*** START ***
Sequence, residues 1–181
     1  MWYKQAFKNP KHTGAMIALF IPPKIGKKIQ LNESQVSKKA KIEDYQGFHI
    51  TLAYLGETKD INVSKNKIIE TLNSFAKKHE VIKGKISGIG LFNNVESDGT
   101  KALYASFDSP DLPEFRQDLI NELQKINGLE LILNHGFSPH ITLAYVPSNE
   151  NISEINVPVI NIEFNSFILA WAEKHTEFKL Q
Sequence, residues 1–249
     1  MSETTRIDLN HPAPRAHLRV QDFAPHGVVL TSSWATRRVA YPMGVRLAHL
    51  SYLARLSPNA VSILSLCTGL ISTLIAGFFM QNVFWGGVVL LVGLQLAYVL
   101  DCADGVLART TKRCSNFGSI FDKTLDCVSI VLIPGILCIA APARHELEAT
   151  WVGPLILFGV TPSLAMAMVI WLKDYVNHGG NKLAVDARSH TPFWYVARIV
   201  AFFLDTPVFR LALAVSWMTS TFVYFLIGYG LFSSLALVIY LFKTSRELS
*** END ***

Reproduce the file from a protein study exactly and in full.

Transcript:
Sequence, residues 1–181
     1  MWYKQAFKNP KHTGAMIALF IPPKIGKKIQ LNESQVSKKA KIEDYQGFHI
    51  TLAYLGETKD INVSKNKIIE TLNSFAKKHE VIKGKISGIG LFNNVESDGT
   101  KALYASFDSP DLPEFRQDLI NELQKINGLE LILNHGFSPH ITLAYVPSNE
   151  NISEINVPVI NIEFNSFILA WAEKHTEFKL Q
Sequence, residues 1–249
     1  MSETTRIDLN HPAPRAHLRV QDFAPHGVVL TSSWATRRVA YPMGVRLAHL
    51  SYLARLSPNA VSILSLCTGL ISTLIAGFFM QNVFWGGVVL LVGLQLAYVL
   101  DCADGVLART TKRCSNFGSI FDKTLDCVSI VLIPGILCIA APARHELEAT
   151  WVGPLILFGV TPSLAMAMVI WLKDYVNHGG NKLAVDARSH TPFWYVARIV
   201  AFFLDTPVFR LALAVSWMTS TFVYFLIGYG LFSSLALVIY LFKTSRELS